Delays or gaps in information make the investigation extremely difficult.

The case of the contaminated peanuts is a complicated one. We know the contaminated peanut butter used to make Suzy’s cookies caused her illness, but identifying those cookies as the source is only the beginning of the investigative process. Was it the flour, sugar, salt, eggs, peanuts, or one or more of the other ingredients that made Suzy sick? And what about the people who were sickened by peanut butter crackers? Or energy bars? Finding the common denominator – and drilling all the way down to where contamination occurred – is very difficult. These complicated investigations can last upwards of a year, but they are being closed without resolution simply because public health departments don’t have the means to keep them open. No resolution means contamination at the processing facility could continue and more people could become ill. It also means the rest of the industry cannot learn from the outbreak and implement changes to improve product safety.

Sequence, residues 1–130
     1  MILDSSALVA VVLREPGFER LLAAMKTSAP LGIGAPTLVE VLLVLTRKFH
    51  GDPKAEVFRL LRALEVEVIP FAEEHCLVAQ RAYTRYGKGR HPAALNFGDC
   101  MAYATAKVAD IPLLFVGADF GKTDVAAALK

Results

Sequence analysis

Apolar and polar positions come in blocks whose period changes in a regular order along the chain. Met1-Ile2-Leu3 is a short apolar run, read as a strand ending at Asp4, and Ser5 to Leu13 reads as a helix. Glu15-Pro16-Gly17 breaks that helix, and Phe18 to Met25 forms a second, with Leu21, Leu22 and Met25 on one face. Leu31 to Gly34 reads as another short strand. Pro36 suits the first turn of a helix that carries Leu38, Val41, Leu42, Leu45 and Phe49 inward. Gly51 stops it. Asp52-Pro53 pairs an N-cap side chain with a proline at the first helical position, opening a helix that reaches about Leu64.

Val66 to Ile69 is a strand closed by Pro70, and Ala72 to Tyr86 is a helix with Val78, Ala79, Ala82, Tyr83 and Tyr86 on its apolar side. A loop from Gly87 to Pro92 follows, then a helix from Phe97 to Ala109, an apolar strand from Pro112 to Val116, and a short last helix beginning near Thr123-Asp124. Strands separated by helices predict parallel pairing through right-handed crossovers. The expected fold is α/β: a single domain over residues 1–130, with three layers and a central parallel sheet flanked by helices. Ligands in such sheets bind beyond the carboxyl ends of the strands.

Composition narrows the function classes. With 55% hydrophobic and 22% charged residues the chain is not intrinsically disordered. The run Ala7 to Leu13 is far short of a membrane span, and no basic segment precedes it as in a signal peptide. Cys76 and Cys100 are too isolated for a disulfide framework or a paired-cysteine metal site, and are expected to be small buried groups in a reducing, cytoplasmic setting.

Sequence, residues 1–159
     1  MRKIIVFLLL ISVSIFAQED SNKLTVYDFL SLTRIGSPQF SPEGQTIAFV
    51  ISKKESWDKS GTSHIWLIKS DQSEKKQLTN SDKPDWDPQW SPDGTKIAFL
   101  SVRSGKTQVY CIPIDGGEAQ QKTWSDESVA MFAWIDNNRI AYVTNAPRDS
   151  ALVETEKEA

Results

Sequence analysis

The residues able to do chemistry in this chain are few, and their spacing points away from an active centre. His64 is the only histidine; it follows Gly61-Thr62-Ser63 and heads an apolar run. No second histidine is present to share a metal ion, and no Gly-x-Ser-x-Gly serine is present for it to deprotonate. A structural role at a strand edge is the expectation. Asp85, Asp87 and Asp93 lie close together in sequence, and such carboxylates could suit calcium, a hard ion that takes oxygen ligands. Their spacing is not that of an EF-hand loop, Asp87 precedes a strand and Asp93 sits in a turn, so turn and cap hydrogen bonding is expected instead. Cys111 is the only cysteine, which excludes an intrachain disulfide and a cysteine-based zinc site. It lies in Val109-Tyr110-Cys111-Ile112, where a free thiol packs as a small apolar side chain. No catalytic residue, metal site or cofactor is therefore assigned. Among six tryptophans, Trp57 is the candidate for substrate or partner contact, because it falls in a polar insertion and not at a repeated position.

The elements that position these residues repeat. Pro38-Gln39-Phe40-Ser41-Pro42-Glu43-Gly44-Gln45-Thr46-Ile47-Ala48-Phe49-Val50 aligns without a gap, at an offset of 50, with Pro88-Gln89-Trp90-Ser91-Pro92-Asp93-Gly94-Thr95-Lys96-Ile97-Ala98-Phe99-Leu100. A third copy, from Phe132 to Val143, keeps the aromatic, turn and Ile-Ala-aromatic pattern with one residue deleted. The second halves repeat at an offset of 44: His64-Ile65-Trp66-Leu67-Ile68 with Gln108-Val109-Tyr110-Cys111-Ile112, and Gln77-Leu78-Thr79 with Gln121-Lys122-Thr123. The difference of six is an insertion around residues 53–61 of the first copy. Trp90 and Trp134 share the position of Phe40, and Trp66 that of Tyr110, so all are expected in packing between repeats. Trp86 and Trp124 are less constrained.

Rapid detection leads to faster recalls of contaminated products. That means fewer people get sick. But our public health system does not have the means to investigate every case of foodborne illness. There are not enough resources to follow up on every cluster.

Without question, more outbreaks would be found if there were sufficient resources to detect and investigate them all. Simply put, funding cuts are ultimately causing more people to get sick.

Advocates continue to work hard to convince decision makers that increasing funding for the public health system is a very good investment in our population. Healthy people are better for every aspect of society. While the advocates are working, public health professionals continue to seek more ways to improve the system with fewer staff and fewer resources. Whole genome sequencing, for example, could provide more information to better understand outbreak clusters, and that could mean less follow up testing which could mean operating with fewer staff. However, implementation of advancements such as whole genome sequencing requires time and money that the system simply does not have.